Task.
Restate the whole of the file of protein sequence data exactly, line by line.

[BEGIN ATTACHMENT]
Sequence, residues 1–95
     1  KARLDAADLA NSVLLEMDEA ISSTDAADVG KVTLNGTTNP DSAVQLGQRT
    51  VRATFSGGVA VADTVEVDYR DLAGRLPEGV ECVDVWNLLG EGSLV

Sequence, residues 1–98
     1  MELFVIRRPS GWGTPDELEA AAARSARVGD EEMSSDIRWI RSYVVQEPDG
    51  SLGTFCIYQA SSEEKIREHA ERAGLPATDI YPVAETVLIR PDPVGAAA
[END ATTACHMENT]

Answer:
Sequence, residues 1–95
     1  KARLDAADLA NSVLLEMDEA ISSTDAADVG KVTLNGTTNP DSAVQLGQRT
    51  VRATFSGGVA VADTVEVDYR DLAGRLPEGV ECVDVWNLLG EGSLV

Sequence, residues 1–98
     1  MELFVIRRPS GWGTPDELEA AAARSARVGD EEMSSDIRWI RSYVVQEPDG
    51  SLGTFCIYQA SSEEKIREHA ERAGLPATDI YPVAETVLIR PDPVGAAA